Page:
July 4, 2009 – Drake Levin was born Drake Maxwell Levinchefski on August 17th 1946 in Chicago, Illinois. Many sources cite his birth name as Levinshefski, but his brother Jeff said the family’s version, Levinchevski, was shortened to Levin many years before his birth. When he was 13, his family moved to Boise, Idaho. As a young man he played in a band called the Surfers, along with a bassist, Phil Volk, who would later join the Raiders.
Levin joined the Raiders when he was 16 years old, which earned him the nickname “The Kid” from Paul Revere. His addition helped establish Paul Revere and the Raiders as a premier showband in the Northwest United States. Levin’s performances included synchronized dance steps, playing on his knees, standing on his amplifier and playing his guitar behind his head. After a performance at Seattle’s Spanish Castle Ballroom, a young man who had watched from the front of the stage all evening approached Drake. He said that Drake’s playing had inspired him and said he was a really good showman. As Drake thanked him and they shook hands, Drake asked the young man his name and he replied, “Jimi Hendrix.”
The Raiders became a national teen sensation from their daily television exposure on the ABC television show Where The Action Is. It was during that time that Levin and the Raiders produced many hit records. Levin’s blues-based guitar style helped drive the band’s raw, edgy sound. Levin’s synchronized dance steps and stage antics with fellow Raider bassist Phil “Fang” Volk earned the pair the nickname “The Twins”.
In 1966, Levin left the performing version of the band to fulfill his military service obligation by joining the National Guard. This enabled him to continue recording in the studio with the group during his time off. Levin’s guitar work and background vocals can be heard on Raiders albums through The Spirit of ’67, although his name and photo do not appear on the album cover with the band. Jim “Harpo” Valley had stepped into Levin’s place on the Raiders’ television and concert performances, thus Valley’s photo appears with the band on that particular album. They had hits such as “Louie Louie”, “Steppin’ Out”, “Just Like Me”, “Kicks” which ranked No. 400 on the Rolling Stone magazine’s list of The 500 Greatest Songs of All Time in 1966, “Hungry” “The Great Airplane Strike”, “Good Thing” and “Him or Me – What’s It Gonna Be?”.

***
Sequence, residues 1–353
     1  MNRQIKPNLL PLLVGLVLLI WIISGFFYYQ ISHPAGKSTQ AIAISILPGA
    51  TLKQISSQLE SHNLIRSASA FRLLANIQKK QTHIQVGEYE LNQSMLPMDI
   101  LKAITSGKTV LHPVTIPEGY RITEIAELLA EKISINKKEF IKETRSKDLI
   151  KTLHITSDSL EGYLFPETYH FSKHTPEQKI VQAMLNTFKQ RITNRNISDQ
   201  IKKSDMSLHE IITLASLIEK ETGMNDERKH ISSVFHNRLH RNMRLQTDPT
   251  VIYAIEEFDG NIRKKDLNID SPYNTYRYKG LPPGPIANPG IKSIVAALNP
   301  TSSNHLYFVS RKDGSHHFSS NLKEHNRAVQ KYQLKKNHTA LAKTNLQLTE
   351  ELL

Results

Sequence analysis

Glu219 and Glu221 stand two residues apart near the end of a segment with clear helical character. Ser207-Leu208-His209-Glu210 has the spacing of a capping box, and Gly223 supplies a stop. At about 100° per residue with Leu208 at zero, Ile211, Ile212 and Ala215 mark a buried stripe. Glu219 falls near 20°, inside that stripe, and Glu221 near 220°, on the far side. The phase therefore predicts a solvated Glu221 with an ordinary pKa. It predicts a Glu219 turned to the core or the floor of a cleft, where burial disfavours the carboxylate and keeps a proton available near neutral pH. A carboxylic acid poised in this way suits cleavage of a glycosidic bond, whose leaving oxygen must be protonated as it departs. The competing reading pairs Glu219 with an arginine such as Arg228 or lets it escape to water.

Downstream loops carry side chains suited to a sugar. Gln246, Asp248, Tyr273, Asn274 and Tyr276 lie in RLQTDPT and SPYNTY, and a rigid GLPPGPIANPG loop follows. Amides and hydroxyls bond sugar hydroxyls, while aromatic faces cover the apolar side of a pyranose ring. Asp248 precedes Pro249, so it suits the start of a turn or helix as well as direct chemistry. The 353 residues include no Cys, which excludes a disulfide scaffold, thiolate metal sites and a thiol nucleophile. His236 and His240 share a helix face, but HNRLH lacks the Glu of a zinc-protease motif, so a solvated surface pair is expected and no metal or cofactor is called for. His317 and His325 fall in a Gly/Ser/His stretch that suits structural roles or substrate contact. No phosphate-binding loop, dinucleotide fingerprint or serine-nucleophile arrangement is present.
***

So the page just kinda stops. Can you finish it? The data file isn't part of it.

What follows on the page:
When Volk became ill and could not tour, Levin stepped in to cover for his friend on a few dates, filling in for Volk on bass. When Levin’s performing replacement, Valley, decided to leave the band after a little over a year with the group, Levin again rejoined the Raiders to help them finish their spring 1967 tour. Levin was to perform with the Raiders on the Ed Sullivan Show on April 30, 1967, but band leader Paul Revere was upset at the pending departure of Volk and drummer Mike “Smitty” Smith and believed Levin to be partially responsible. Unknown to the group, Revere, (in reality manager Terry Melcher) had hired a replacement guitarist, Freddy Weller, to perform with the group on the Sullivan show, leaving Levin to watch the Raiders only Ed Sullivan Show performance as a spectator.
Drake, Phil Volk and Mike “Smitty” Smith left the Raiders in 1967 to form the trio, The Brotherhood. The band was signed to RCA, but were hindered by the members’ lingering contractual obligations to Columbia Records from their Raiders work. The power trio released three albums, two under the Brotherhood name in 1968 and 1969 and a third album in 1969 called Joyride under the name Friendsound. Joyride was an experimental album that is listed on the “Nurse with Wound” list.
The cover art for this album was illustrated by Edna Marie O’Dowd. Ms. O’Dowd was an emerging artist and a friend of Drake Levin during the recording of the album.
Levin subsequently performed with artists such as Ananda Shankar, Emitt Rhodes, and Lee Michaels (on the album Barrel). He also participated in reunions of various ex-members of the Raiders, and worked with his friend Phil Volk on several occasions. He played in he Curtis Lawson Band featuring Drake Levin – Live At The Saloon and the Sinners Band – which one of the last bands Drake was involved with.
Drake Levin died of cancer July 4, 2009 at his home in San Francisco at age 62, with his wife Sandra at his side.
When Drake Levin played lead guitar with Paul and the Raiders, he and bass guitarman Phil Volk would pull-off a showstopper: “Drake on top of the left speaker and Phil on right speaker … dancing!” Those guys could and would dance plus play their instruments with superb results. Drake and Phil would dance on the speakers and play guitars behind their heads at the same time!
Many guitarists can’t play at that level without even playing behind their heads! Once when they were performing at the Spanish Castle, a then- unknown Jimi Hendrix was in the audience, watching and learning from Drake. This was in 1963 or 1964 before Jimi made it big. Drake was obviously an influence to the guitar playing and showmanship of many musicians. Paul Schaefer of “The Late Show with David Letterman” was a fan.